Sorry things have been a little quiet on the blog lately! Life has been busy lately – getting ready for the upcoming school year, filling out applications, and taking a weekend trip to Asheville. But, I’m back! Today, I want to share an experience that I had a few weeks ago at the Vine Hill Apartments in Nashville. The Vine Hill Apartments are a low-income housing area in metropolitan Nashville. The Nashville Food Project serves 60 meals at this housing area every Friday.
One of my goals this summer was joining a truck team to serve a meal at one of our community partners. The truck teams consist of 3-4 volunteers who commit to serve one of our meals once a month. The teams are on a monthly rotation to serve each of our community partners. The team I joined happened to solely consist of female clergy from around Nashville. When I found out I had the opportunity to join these teams, I was beyond excited!
When we arrived at the Vine Hill apartments, we parked the food truck and set up the table before residents began lining up for food. Once people came over to the truck, we began serving. That day, the meals team had prepared a beautiful meal for the residents. We used donated salmon pieces from a local restaurant to make homemade salmon patties with a lemon-caper sauce. On the side, there were roasted red potatoes with olive oil and herbs. Alongside that was a fresh garden salad with lettuce and toppings donated from the farmers market. We dressed the salad with a homemade basil-apricot dressing. For dessert, we shared 2 cookies donated from Christie’s Cookies. When I saw this meal, I immediately wanted to have my own plate (even though I had just eaten lunch!). At a restaurant, this meal would have easily cost $15 or more. Although I wasn’t surprised that we shared such a delicious, nutritious, and high quality meal, this was the first time I saw one of our meals plated and served.
Seeing people come up to the table and receive that food made everything I do at The Nashville Food Project more meaningful. I actually saw the Nashville Food Project’s mission – bringing people together to grow, cook, and share nourishing food with the aim of building community and alleviating hunger in Nashville, come to life. I saw the lettuce from our garden and potatoes gleaned from the farmers market. I saw the pounds of salmon that a volunteer cooked and skinned during a Wednesday night meal prep. I saw a truck team come together to serve a meal to the residents that they knew by name. It was such a “full circle” moment when I saw the fruits of my (and all of the staff and volunteers) labor on those plates. I wish I would have taken a picture of the meal we served and the food truck that day, but a picture could not have captured the moment. That moment solidified the reason why I am gleaning at the farmers market – creating access to nutritious food (that actually tastes good) with people who normally would not be able to enjoy that meal.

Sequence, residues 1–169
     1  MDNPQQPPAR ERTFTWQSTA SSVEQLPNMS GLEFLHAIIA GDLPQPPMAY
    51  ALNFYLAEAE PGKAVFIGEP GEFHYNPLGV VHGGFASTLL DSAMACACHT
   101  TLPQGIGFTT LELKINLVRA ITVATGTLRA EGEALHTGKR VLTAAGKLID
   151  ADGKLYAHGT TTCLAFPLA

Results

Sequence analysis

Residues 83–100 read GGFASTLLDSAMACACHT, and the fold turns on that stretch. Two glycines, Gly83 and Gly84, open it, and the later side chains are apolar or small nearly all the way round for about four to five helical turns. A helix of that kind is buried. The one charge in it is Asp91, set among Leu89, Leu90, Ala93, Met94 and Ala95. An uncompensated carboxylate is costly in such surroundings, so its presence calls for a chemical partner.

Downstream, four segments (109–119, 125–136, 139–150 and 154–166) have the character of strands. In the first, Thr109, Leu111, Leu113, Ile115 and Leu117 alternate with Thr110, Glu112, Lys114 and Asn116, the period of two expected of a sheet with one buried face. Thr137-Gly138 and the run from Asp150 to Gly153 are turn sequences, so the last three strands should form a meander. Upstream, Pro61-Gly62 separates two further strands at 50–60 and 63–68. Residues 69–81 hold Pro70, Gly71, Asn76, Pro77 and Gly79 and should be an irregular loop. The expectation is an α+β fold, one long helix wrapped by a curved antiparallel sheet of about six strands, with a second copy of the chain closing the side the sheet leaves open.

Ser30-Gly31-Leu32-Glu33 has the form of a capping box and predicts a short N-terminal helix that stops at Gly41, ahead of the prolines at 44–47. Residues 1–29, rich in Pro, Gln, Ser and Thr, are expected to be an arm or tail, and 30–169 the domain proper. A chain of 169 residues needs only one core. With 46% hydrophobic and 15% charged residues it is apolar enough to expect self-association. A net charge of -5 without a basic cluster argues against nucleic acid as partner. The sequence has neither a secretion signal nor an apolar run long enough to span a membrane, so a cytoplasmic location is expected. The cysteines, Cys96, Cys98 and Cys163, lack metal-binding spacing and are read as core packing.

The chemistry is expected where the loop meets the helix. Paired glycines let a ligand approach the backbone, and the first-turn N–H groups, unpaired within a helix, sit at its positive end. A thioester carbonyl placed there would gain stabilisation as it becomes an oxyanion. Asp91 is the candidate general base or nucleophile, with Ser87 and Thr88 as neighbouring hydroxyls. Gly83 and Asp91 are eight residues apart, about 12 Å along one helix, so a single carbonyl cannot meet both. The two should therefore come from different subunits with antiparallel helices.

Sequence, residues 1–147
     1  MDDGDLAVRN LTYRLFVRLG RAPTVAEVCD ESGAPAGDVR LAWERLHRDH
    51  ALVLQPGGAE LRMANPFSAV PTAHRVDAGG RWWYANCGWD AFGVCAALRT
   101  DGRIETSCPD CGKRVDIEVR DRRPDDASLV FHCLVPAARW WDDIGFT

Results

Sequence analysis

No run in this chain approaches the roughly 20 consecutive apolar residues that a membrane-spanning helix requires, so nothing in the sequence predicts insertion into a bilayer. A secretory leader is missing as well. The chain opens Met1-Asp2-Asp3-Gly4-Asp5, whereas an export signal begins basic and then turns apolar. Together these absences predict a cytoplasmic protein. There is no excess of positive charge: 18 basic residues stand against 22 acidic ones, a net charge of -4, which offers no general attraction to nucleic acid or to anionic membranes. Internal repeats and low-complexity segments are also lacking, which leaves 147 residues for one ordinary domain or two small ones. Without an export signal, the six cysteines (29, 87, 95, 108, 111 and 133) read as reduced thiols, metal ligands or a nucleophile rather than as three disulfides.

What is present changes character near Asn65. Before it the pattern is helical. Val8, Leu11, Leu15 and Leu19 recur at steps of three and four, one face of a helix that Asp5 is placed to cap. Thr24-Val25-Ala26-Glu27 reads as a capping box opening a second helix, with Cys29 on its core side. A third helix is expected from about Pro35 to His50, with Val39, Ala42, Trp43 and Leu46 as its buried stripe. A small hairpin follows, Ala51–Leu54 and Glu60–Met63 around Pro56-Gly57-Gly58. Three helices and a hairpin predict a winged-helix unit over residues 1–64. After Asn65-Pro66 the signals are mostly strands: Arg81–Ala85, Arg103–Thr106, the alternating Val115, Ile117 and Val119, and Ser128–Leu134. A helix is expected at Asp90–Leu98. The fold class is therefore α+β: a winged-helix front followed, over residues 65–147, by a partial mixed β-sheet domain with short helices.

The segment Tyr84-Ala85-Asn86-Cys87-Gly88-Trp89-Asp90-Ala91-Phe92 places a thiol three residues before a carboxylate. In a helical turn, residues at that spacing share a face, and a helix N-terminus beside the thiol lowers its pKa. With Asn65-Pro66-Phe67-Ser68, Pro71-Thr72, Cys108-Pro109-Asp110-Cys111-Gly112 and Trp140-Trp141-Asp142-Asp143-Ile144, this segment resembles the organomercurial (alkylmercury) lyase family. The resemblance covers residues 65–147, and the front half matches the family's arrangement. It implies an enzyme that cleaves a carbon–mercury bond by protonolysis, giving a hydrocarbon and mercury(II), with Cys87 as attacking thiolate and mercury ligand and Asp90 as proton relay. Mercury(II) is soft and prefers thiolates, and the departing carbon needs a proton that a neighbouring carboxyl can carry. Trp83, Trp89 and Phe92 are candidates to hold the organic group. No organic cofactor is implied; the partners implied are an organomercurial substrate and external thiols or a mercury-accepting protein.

Therefore do not worry about tomorrow, for tomorrow will worry about itself. Each day has enough trouble of its own. – Matthew 6:34
I know “being present” is a buzz phrase right now. We are told to be present and mindful for our mental health, put down technology and be present with those around you, stop worrying about the future and be present in the current moment. You would think the idea of being present would be easier for me by now considering the popularity of that phrase. I practice yoga (a practice and discipline that emphasizes being present in your body and mind) and value my Christian faith. Only recently have I really understood what being present looks like in my daily life and my relationship with God. The recent police shootings, riots, and violence around the world have altered my perception of the world and people around me. I’m slowly learning to appreciate the little things – like a parents’ hug at night or a bouquet of flowers – and to live in the moment that I am in.
I’ve always struggled with worrying about my current situation and future. I love planning, and I frequently make grand plans in my mind that never truly come to fruition. I’m slowly learning to go with the flow more. Working at a non-profit this summer has taught me to expect the unexpected (i.e. receiving an unexpected 1,400 lb donation from Whole Foods one day) and adapt when plans don’t work out. For instance, I planned to have a booth at each farmers market during the summer to market the Buy one, Give one portion of my project. Instead, I developed deeper relationships with the farmers and shared my passion and The Nashville Food Project’s mission with them. This process taught me to slow down, teach, and learn from the people at the farmers market who could make or break my project.
Learning to adapt to different situations has changed the way I plan things, but I still worry. Since I started practicing yoga, I’ve heard teachers talk about acknowledging emotions that come up and letting them pass. They emphasize being present in the moment instead of worrying what other think about you or what you have to get done at work/school/etc. At first, I dismissed this idea of forgetting all the things I had or wanted to do. It is so easy for me to get lost in my schedule or to worry about the next test I have. I’ve slowly learned how to acknowledge those worries but not let them take over my day. I still have so much to learn, but I can being present in yoga transferring to other aspects of my life too.
Do not be anxious about anything, but in every situation, by prayer and petition, with thanksgiving, present your requests to God. – Philippians 4:6